Shopping Cart

A shopping cart is used in online shopping in order to store certain products without having to retrieve them again before buying. The term shopping cart refers in e-commerce to an overview of all products that have been deposited there for purchase. The term itself is derived from everyday language usage and its function in online shops is the same as in a supermarket. The goods are placed in it and get transported to checkout. You can store desired items in your shopping cart to buy them later.

Functions of shopping carts in online shopping[edit]

Online shopping is facilitated considerably with the option to add the desired items to the shopping cart. The buyer has the possibility to browse the website first and to deposit a favorite product in the shopping cart if interested. The stored products are placed there in a well-organized list. Prior to the purchase process, the buyer has unlimited time to look at the items again and, if necessary, remove them or change the preferred quantity. Only by deciding to buy will the purchase become binding, usually by means of a “Buy Now” or “Order Now” button (call-to-action), which just needs to be clicked at the end of the purchase process.

The shopping cart stores the products placed there over the entire time period the user is using the website. This is usually done with cookies and special scripts. The cookies may be session-dependent. This means that the user spends a specific time in the online store to search for products. Both the server on which the web shop runs, as well as the user’s client or the browser exchange data during this time (e.g. by clicking links). Through session-IDs and cookies, the server knows that the current user has already placed goods in the shopping basket.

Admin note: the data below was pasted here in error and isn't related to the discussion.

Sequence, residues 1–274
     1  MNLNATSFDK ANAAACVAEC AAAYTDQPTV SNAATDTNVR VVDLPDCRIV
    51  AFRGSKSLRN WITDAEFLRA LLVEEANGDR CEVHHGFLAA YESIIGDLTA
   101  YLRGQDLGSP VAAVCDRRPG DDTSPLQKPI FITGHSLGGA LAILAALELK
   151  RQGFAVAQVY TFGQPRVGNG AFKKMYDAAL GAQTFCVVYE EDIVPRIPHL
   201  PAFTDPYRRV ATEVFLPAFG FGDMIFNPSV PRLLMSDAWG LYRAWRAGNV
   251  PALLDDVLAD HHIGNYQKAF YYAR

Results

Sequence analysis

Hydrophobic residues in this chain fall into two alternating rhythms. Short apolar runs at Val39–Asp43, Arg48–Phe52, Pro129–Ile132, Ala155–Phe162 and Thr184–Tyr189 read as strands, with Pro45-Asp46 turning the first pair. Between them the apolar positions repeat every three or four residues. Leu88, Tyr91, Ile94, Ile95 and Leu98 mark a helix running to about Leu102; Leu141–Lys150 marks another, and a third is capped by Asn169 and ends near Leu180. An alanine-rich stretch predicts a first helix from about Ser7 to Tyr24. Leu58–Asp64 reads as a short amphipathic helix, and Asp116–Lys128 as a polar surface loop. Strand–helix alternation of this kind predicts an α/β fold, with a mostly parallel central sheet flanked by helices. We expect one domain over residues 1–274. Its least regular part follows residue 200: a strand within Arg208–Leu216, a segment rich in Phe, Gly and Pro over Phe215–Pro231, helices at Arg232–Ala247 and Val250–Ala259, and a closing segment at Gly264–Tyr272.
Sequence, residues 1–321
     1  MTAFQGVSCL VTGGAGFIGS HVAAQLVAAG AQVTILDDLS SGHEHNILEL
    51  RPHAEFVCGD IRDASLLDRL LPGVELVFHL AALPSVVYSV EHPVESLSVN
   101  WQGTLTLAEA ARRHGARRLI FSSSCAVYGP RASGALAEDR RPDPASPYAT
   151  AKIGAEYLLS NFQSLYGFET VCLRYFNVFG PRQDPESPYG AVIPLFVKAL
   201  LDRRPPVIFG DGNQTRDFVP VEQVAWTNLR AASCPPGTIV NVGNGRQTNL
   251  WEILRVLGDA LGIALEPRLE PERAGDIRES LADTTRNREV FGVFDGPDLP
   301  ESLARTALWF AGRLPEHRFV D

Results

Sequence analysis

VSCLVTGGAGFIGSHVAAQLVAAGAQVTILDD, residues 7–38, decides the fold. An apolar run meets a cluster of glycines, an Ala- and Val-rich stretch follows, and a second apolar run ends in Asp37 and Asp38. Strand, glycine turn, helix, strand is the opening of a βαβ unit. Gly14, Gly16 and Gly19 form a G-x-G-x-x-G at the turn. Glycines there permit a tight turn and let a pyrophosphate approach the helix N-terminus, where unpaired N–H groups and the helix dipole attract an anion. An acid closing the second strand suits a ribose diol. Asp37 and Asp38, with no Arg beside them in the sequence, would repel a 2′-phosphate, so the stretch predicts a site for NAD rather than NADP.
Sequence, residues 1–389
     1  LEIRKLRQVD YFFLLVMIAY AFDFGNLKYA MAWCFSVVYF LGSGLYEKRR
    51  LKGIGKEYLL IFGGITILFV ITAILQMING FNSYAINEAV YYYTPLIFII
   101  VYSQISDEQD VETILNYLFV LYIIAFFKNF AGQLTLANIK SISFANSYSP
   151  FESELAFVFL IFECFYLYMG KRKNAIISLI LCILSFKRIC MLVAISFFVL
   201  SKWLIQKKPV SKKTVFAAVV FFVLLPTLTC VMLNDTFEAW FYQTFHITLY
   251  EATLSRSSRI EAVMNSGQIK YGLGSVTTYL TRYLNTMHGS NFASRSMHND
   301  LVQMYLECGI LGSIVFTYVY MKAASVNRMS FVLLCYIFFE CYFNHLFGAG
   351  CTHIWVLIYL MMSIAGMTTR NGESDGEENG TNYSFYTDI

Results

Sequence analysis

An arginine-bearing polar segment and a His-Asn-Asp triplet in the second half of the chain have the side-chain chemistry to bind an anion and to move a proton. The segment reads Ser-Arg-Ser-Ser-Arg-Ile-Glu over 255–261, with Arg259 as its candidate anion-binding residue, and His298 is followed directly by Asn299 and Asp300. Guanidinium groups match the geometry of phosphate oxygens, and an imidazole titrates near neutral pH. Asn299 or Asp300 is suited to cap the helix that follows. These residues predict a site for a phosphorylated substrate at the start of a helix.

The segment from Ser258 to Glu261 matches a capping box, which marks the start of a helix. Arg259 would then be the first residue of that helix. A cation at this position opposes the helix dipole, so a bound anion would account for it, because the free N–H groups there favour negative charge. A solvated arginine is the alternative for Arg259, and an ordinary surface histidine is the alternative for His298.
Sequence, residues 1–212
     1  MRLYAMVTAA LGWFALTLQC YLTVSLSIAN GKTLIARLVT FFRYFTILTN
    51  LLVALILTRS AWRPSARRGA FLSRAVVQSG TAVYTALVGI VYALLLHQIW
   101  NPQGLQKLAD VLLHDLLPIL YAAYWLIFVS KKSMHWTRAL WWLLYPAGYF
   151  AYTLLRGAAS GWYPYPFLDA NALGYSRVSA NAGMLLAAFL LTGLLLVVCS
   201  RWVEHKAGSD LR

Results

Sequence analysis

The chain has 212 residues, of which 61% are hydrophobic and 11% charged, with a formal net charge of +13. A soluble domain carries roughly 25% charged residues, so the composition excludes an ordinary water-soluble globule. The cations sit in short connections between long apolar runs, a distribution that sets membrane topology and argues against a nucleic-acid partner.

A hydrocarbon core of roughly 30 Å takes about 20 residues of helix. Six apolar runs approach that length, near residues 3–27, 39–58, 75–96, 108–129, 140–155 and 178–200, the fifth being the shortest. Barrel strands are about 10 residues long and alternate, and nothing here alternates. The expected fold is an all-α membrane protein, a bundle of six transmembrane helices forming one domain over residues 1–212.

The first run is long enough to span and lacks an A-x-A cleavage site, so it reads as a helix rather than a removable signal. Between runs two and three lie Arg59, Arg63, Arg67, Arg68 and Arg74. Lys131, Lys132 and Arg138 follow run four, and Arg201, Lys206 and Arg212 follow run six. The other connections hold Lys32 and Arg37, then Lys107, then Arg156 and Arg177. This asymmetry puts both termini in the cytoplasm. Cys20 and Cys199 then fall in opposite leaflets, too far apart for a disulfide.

If no cookies were used, all data would be lost as soon as a certain website was clicked. Thus, cookies serve the purpose of usability in this case and are essential for sessions, forms, and shopping carts to create a simple user interaction. In the case of reputable online stores that value privacy, such session-dependent cookies are subsequently deleted.

The shopping cart design[edit]

The design of the shopping cart and the ordering process are essential for sales success.

Factors causing shopping cart abandonment[edit]

In January 2014, KonversionsKRAFT published an Infographics on the topic of shopping cart design and noted that according to a US study, 67.89 percent of visitors of an online store will cancel or abort an order in a shopping cart. The most important reasons for abandoning it were given by experts as follows:

  • Too high shipping costs
  • Too little willingness to buy
  • Use of the shopping basket as a wish list
  • No display of shipping costs
  • No guest booking possible
  • Too extensive or complex checkout
  • The desired payment option is not available
  • Shipping option takes too long

Characteristics of good shopping cart design[edit]

Good shopping cart designs with a high rate of conversions should combine the following features:

  • Overview of the process (for example, display of the following steps in the checkout)
  • Detailed information about the contents of the shopping cart and the selected item quantity
  • Indication of availability
  • Use of shortage (e.g. when only a few products are available)
  • Specification of a delivery date
  • Not too prominent placement of the voucher field in order to avoid order cancellations due to the search for vouchers
  • Continue shopping option (user gets back to the previous product page)
  • Information about the main arguments and advantages that show the benefit of shopping in the online store
  • Integration of trust elements, such as trusted shops certification, Stiftung Warentest seal, TÜV certification
  • Display of standard shipper and offer of alternatives